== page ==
Undetectable HIV Is Untransmittable and the 'Risk Is Zero'

Heather Boerner

July 27, 2018

 

Carl Dieffenbach, Bruce Richman, Alison Rodger, Mike Cohen, and Pietro Vernazza at the International AIDS Conference.

AMSTERDAM — "If you're on suppressive ART, you are sexually noninfectious. The risk is zero," said Alison Rodger, MD, from University College London, here at the International AIDS Conference 2018.

Rodger made the statement after presenting results from PARTNER2 that showed zero linked transmissions after nearly 77,000 condomless sex acts between serodiscordant gay couples in which the HIV-positive partner had a suppressed viral load.

The findings were greeted by questions, applause, tears, photos, and a handshake from officials from the National Institutes of Health.

For physicians hesitant to talk to their patients about the data, "the time for excuses is over," Rodger said.

Researchers here said that after decades of planning and studying, it feels like the end of an era.

"I see this as a graduation ceremony," said Myron Cohen, MD, from University of North Carolina at Chapel Hill, who stood on a similar stage in 2011 and announced similar results for heterosexual couples from the landmark HIV Prevention Trials Network 052 study (N Engl J Med. 2016;375:830-839).

"This is the full realization of very large investments in this hypothesis that, for me, started in the 1990s," Cohen explained.

The Upper Limit of Confidence

PARTNER2 followed the 2015 PARTNER study, showed zero linked transmissions from 53,000 condomless sex acts in gay and heterosexual couples, as reported by Medscape Medical News.

But in that study, the finding was not as robust for gay couples as it was for heterosexual couples. There just weren't enough gay men in the study and they hadn't been followed for long enough.

PARTNER2 was designed to "provide equality of evidence for gay men as we had for heterosexuals," Rodger explained.

It assessed the protective effect of suppressive treatment to see if it would hold up for HIV-negative gay men who had receptive anal sex with HIV-positive partners without a condom.

The researchers also wanted to see whether the results would match the upper confidence interval of 0.46 per couple-year of follow-up reached by heterosexual couples in PARTNER. For the gay men in that study, it was nearly double that, at 0.84.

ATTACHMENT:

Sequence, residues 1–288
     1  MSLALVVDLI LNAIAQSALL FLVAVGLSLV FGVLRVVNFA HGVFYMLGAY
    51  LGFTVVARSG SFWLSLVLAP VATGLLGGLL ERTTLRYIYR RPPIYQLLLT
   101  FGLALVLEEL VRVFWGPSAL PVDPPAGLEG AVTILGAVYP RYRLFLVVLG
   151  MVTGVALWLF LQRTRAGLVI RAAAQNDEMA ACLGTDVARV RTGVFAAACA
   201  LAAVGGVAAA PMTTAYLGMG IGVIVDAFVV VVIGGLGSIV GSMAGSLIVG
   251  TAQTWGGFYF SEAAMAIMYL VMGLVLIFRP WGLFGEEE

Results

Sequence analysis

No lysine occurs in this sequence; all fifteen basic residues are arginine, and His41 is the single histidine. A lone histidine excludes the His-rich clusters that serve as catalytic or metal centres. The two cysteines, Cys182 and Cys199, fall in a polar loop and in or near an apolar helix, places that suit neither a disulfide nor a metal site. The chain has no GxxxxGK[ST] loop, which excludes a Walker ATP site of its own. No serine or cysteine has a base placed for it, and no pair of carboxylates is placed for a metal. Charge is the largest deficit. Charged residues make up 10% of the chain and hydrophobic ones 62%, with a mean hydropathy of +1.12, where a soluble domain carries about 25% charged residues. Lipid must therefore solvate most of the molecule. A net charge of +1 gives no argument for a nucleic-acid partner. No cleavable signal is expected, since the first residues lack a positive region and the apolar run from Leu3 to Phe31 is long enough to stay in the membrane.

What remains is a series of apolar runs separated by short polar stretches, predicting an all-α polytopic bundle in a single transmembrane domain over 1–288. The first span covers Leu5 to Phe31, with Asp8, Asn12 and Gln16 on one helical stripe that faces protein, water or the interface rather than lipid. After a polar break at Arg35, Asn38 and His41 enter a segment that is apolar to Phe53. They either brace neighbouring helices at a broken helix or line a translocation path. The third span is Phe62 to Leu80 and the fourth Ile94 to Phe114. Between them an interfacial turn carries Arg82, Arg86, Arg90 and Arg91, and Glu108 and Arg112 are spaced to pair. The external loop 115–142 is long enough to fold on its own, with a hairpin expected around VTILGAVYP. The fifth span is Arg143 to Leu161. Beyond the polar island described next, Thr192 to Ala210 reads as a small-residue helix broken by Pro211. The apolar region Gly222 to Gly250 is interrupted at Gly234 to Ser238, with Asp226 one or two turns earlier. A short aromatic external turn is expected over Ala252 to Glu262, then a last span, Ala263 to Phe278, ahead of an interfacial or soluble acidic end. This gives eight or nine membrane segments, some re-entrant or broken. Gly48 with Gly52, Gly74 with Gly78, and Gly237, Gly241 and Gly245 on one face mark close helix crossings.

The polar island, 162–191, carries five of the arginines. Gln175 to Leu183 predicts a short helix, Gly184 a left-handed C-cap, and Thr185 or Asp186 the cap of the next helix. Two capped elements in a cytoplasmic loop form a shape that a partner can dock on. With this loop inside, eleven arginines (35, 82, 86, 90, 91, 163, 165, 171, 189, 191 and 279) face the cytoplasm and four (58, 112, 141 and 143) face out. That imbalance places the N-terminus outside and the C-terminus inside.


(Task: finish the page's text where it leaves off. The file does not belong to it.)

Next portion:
The 972 serodiscordant gay couples enrolled in PARTNER2 were recruited from 75 sites in 14 European countries. All men completed sexual behavior questionnaires. Every 6 to 12 months, the HIV-positive men underwent viral load testing and the negative men underwent HIV testing.

If a study participant became infected, researchers conducted phylogenetic testing to determine whether the transmission was linked to his partner.

The team used three methods to ensure that no linked transmissions were missed: Sanger sequencing and Illumina deep sequencing; a blast search of GenBank; and, to control for sequences from other studies of confirmed linked transmissions, a comparison of viruses from the newly diagnosed man and his HIV-positive partner.

During the study period, 27% of HIV-positive men and 23% of their initially HIV-negative partners reported having been diagnosed with a sexually transmitted infection (STI). Of the study participants, 37% reported being in open relationships and engaging in condomless sex with other partners.

"Reassuringly, we only lost 5% of couple-years of follow-up because the positive partner's viral load was measured at over 200 copies," Rodger reported. "This indicates a very high level of virologic control."

During the study period, there were 15 HIV seroconversions, but in all these cases, when the sequences of the two partners were mapped, the viruses were genetically distant from one another.

Eleven of the men reported condomless sex with other men.